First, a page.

Outsiders enabling scientific change: learning from the sociohistory of a mathematical proof

Social Epistemology 31 (2):184-191 (2017)
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It has been a common belief among scientists, including mathematicians, that young scientists are especially good at bringing about scientific change. A number of studies suggest, however, that older scientists are not more resistant to change than young scientists are. It is nonetheless worth examining why a scientist’s or mathematician’s outsider status – due to age, educational background, or something else – can sometimes be effective in enabling scientific change. This paper focuses on the case of the solving of the Four Color Problem by Wolfgang Haken and Kenneth Appel. Building on Donald MacKenzie’s paper ‘Slaying the kraken: The sociohistory of a mathematical proof’, I argue that Haken’s outsider status is central to understanding his success with the problem. On this basis, I offer an argument against Margaret Gilbert’s account of why a scientist’s outsider status can be effective in enabling scientific change.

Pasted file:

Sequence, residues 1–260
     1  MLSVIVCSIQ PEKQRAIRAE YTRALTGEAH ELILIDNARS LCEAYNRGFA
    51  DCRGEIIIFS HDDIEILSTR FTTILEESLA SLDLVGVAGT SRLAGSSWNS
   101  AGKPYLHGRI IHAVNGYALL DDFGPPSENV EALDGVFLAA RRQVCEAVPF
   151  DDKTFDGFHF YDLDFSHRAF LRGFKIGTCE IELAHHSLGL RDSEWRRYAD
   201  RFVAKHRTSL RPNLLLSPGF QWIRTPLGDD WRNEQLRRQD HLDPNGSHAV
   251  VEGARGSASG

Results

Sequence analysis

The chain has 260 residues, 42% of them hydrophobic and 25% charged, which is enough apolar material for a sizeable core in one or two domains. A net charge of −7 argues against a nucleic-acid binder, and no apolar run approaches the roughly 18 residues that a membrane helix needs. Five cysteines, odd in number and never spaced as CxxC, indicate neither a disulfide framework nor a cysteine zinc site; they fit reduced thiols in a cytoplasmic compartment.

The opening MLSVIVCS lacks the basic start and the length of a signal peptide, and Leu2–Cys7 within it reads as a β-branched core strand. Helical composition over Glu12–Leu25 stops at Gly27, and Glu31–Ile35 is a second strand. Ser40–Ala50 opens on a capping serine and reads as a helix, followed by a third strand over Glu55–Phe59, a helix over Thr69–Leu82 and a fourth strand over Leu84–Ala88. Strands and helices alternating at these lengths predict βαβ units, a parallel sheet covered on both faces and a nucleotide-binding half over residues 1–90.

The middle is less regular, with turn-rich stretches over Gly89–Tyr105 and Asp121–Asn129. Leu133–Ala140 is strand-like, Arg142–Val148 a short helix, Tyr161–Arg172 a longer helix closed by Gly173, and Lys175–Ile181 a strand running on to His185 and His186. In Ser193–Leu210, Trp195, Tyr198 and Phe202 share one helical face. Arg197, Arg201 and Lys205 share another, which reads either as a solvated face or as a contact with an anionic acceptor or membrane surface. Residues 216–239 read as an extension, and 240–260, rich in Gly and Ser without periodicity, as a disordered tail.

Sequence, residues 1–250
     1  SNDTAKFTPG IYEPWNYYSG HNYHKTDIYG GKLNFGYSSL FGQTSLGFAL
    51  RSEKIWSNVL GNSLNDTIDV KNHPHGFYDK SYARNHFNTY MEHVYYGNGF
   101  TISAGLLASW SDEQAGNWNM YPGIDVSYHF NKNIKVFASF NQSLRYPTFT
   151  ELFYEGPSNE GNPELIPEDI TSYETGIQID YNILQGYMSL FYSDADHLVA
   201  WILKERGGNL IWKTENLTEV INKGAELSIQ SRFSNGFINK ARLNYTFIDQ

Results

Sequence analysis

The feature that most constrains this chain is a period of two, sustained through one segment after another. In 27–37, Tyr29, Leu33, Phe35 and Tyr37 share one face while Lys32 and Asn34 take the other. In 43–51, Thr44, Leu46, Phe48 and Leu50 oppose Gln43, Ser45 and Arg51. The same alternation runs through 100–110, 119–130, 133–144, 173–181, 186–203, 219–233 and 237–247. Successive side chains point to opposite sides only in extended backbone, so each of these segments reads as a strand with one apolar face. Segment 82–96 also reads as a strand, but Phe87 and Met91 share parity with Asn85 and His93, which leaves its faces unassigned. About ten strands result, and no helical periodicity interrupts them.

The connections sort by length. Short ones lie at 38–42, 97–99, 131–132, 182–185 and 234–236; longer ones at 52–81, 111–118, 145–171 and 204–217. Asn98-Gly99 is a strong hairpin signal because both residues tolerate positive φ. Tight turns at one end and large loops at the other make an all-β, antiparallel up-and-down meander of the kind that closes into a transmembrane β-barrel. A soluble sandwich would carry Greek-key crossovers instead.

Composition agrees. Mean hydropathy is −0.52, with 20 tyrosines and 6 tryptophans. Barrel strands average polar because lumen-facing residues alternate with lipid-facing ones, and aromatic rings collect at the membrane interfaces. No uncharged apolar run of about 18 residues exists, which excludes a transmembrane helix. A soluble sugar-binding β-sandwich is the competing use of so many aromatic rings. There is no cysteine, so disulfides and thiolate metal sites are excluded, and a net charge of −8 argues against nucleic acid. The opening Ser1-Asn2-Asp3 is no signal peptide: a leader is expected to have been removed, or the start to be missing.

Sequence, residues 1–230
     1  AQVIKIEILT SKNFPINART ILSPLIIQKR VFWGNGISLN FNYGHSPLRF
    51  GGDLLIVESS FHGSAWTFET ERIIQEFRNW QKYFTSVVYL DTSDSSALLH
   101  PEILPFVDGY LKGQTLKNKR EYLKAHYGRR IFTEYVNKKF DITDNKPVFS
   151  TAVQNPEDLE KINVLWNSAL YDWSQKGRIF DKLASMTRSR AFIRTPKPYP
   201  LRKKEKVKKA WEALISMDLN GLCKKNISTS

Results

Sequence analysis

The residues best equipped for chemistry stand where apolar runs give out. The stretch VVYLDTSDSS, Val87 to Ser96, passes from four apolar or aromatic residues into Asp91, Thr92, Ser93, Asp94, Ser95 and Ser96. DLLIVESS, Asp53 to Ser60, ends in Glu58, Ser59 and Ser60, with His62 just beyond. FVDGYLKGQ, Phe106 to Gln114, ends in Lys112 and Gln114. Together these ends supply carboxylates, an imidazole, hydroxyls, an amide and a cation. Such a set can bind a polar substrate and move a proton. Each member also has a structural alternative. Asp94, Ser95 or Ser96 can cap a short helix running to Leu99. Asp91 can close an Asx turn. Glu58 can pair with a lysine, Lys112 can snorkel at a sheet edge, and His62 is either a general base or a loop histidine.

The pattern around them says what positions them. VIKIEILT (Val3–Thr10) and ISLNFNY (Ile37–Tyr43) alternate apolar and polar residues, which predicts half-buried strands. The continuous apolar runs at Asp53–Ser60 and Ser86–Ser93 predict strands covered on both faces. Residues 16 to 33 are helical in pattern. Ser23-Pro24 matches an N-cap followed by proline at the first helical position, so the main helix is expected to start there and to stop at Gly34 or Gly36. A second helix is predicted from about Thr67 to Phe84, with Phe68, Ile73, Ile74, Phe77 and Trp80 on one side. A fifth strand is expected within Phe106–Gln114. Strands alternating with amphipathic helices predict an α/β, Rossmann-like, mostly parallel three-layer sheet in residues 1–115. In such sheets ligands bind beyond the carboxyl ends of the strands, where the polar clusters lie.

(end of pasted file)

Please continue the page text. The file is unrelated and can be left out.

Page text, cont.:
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Line Edslev Andersen
Aarhus University

References found in this work

Modelling collective belief.Margaret Gilbert - 1987 - Synthese 73 (1):185-204.
Collective Belief And Acceptance.K. Brad Wray - 2001 - Synthese 129 (3):319-333.
Remarks on collective belief.Margaret P. Gilbert - 1994 - In Frederick F. Schmitt (ed.), Socializing Epistemology: The Social Dimensions of Knowledge. Rowman & Littlefield. pp. 235-56.
Group Justification in Science.Kristina Rolin - 2010 - Episteme 7 (3):215-231.

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